Dr. Doddington: I’ve been reading Bakhtin and I wonder how this use of the dialogic is related.

GM: It isn’t .

(4 seconds silence)

Bentley Skellow: I’d like to change the subject. You mentioned early on Searle’s question, "Why bother?" Is it necessary to pose such a question? I mean why is it that the logical status of fiction is a problem? If you start like some philosophers with the logical proposition as the basic form of age, and the conveying of information as the main purpose, and extend it to categories of speech acts like assertions, you have to invent machinery for the most common uses of language. But if you start with a wider range of possible uses for language, then it is what Searle calls the assertions that need explaining. So these dialogues don’t need justification -- it is the scientific article or the treatise that looks a bit strange.

GM: Yes. But as I said. all these writers, without exception, make some attempt to justify their use of dialogue. The textbook or treatise doesn’t require any explanation. But I take your point.

BS: To follow that at up, you know Searle calls the opposite of fictional utterances "serious utterances". Are you serious?

GM: I hope not. When Roger Higgins sent me a copy of his dialogue on Navajo classifiers, he had to assure me that "Linguistics is a very serious science". I don’t doubt it -- I’m in a linguistics department. But no one ever says "Physics is a very serious science". Pierre Guillet de Monthoux’s view is that "seriousness" goes with a false objectivity and a lack of commitment, the sense that one has no choice. In this sense, Ashmore is not serious -- just look up "non-serious" in his index if you don’t believe me. And I think Higgins is not serious either, in this sense -- there is a playfulness in his imagining what it would be like for students to find out something in generative phonology for themselves.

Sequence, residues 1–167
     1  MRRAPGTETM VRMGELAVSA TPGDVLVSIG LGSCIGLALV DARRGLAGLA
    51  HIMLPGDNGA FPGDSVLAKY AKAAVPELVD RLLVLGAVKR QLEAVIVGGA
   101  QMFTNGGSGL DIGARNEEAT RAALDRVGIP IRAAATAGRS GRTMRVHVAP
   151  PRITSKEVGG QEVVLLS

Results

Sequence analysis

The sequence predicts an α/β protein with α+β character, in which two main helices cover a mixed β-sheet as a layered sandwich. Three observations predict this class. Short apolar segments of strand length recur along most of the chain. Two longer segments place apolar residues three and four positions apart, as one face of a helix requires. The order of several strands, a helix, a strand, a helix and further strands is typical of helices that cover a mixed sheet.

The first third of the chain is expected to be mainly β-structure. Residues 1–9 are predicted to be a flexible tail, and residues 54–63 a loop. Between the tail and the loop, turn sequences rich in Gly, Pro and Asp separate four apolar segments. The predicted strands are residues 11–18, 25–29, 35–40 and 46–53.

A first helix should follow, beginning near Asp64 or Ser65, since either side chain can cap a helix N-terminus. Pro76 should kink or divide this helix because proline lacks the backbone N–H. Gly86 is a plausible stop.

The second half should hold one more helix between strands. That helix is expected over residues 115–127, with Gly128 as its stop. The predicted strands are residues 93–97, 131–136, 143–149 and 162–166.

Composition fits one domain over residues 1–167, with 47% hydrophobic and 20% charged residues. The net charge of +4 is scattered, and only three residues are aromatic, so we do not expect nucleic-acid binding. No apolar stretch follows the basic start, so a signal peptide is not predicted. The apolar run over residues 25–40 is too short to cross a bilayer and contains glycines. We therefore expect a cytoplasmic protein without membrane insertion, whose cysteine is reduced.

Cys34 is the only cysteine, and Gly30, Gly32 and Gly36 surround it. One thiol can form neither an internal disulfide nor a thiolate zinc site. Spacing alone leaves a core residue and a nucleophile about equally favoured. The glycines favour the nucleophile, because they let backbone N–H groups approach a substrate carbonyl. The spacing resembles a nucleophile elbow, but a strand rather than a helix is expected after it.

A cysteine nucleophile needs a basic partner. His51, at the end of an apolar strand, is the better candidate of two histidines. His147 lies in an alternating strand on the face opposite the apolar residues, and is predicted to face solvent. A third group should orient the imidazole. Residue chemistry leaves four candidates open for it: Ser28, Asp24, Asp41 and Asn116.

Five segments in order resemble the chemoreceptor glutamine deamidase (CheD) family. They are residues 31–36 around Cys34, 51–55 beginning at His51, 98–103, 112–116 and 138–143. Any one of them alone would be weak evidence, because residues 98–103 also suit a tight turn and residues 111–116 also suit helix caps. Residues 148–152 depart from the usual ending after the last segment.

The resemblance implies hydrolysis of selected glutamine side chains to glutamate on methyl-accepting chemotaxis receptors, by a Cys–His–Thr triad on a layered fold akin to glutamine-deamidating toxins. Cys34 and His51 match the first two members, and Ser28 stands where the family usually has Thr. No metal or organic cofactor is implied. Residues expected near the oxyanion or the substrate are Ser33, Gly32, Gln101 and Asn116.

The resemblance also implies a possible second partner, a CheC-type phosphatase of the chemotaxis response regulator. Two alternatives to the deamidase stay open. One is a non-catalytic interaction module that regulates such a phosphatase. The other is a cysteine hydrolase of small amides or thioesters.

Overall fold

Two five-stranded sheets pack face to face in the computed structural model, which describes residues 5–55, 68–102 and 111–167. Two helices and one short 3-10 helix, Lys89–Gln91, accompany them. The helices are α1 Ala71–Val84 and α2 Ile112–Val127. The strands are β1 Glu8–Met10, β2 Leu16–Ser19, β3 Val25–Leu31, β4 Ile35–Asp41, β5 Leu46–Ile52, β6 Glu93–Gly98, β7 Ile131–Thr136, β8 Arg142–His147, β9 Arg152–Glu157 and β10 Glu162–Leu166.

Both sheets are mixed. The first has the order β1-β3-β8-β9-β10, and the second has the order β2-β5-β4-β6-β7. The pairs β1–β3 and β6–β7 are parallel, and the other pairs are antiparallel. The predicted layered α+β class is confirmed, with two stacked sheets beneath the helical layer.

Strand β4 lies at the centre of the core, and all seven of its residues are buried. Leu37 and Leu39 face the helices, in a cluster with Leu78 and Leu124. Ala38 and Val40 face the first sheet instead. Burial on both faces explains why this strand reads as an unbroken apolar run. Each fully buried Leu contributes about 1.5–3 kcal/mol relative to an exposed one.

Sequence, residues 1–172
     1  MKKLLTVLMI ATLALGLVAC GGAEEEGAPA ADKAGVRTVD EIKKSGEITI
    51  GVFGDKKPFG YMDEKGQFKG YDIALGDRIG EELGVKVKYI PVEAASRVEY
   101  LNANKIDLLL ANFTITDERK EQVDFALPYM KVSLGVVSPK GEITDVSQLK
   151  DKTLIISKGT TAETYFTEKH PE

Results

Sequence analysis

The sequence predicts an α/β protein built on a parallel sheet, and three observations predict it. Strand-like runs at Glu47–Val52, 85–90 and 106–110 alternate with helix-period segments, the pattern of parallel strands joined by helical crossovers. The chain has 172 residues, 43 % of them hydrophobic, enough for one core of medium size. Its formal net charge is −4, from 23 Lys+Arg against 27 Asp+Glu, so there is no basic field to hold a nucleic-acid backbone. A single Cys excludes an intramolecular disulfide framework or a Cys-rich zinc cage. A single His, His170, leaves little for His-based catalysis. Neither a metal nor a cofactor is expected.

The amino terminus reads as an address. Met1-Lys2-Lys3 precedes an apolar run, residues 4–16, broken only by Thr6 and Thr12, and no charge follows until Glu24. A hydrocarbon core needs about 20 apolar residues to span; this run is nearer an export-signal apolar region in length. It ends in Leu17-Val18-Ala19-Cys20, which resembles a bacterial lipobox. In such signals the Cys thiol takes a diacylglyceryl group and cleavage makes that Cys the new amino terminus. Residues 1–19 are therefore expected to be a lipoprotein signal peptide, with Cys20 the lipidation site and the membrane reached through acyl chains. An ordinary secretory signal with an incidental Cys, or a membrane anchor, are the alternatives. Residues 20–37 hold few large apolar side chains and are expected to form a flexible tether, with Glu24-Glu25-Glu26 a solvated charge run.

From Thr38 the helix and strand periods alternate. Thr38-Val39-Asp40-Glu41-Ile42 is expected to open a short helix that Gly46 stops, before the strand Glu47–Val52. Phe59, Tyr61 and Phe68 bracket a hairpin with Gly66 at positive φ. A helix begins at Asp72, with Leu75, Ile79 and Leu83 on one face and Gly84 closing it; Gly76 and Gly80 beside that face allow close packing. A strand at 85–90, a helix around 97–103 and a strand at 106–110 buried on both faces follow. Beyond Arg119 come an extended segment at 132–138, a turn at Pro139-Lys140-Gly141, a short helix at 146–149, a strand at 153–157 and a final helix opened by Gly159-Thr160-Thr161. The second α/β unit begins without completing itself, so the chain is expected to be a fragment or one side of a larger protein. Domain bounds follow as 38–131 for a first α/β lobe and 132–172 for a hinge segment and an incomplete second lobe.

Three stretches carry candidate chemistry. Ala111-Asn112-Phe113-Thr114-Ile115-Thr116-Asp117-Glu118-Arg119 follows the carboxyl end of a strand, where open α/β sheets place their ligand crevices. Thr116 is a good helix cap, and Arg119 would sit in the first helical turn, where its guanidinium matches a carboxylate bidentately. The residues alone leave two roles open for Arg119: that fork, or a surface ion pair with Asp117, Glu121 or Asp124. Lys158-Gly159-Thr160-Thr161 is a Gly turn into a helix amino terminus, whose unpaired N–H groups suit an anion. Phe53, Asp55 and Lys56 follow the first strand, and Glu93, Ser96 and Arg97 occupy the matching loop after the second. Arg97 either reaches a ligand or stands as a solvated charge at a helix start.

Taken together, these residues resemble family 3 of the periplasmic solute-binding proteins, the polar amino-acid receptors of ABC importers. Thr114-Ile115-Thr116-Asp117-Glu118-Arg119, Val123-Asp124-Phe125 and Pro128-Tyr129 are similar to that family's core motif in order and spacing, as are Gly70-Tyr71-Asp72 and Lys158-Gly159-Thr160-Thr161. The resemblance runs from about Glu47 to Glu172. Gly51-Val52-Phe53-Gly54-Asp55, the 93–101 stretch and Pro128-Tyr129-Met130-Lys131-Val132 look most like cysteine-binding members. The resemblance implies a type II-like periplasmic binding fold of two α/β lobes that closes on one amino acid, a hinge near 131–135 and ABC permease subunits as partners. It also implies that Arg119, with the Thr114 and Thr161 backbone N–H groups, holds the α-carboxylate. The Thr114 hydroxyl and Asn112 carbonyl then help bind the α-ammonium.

Blythe Ranby: I’d like to raise a serious question. It seems to me that the odd one out in your list is Mrs. Marcet. You put her in the context of enlightenment ideas about science and education, but you don’t even mention that hers are about the only dialogues on your list that involve females. What do you know about her background?

GM: Only what I’ve read in the Dictionary of National Biography.

BR: Well does she always write for Mrs B. and these two girls?

GM: In the dialogues I’ve seen, yes.

BR: So Mrs. B is their mother?

GM: No. And I don’t think she’s the governess either -- she seems to be an independent gentlewoman, because she attends lectures on her own and can impart her knowledge to these girls or not, as she chooses.

BR: Does she ever comment on the fact that these dialogues involve females?

GM: Yes, in Conversations on Chemistry she says she is writing when popular science institutions are being opened to women -- to gentlewomen that is.

BR: I’m asking all this because it seems you really miss the point just doing a formal analysis of texts and showing that these works are a lot like other dialogues. What matters is the context in institutions then, the way this text actually entered the discourse of popular science or education for women or education for workers. You say that despite their different purposes, all these writers used the same genre, but what I’m saying is that despite using the same genre, the texts could be inserted in discourse in quite different ways. You really need to start say with the Longman’s archives, and situate her in relation to. the production of these very popular books. The appropriate comparisons might be Eleanor Fenn, who wrote as Mrs Lovechild


BR: Or Sarah Trimmer (you could talk to Pauline Heath about that)

Other voices: Or Arabella Stewart, who wrote in the 1870s . . . or Mrs. Marcum . . . or Mrs. Wakefield . . . Who is it wrote The Fairy Geography?

GM: That’s a different paper. I’ll try to find them and add them to my list.

BP: Let me get this straight -- after digging up these dialogues, you don’t think they’re "A Good Thing". You are going to publish this thing as a straight academic paper with footnotes, constructing an object called the Scientific Dialogue and conveying knowledge about it.

GM: Exactly. The undermining is your job -- and I must say you do it pretty well. But as I say, I like reading these dialogues. I think they very well as pedagogical tools. I think that’s what I’ll be looking at as I revise this paper -- the experiments in these imaginary classrooms. I’m particularly interested in

Chris Stray: I see the Porter at the back of the room to tell us the tea is ready, so I think we’d better break this off here and thank St. Peter’s College for their hospitality today.

[Dr Myers has a bibliography of scientific and other texts using fictional forms, which will appear in number 5. Ed.]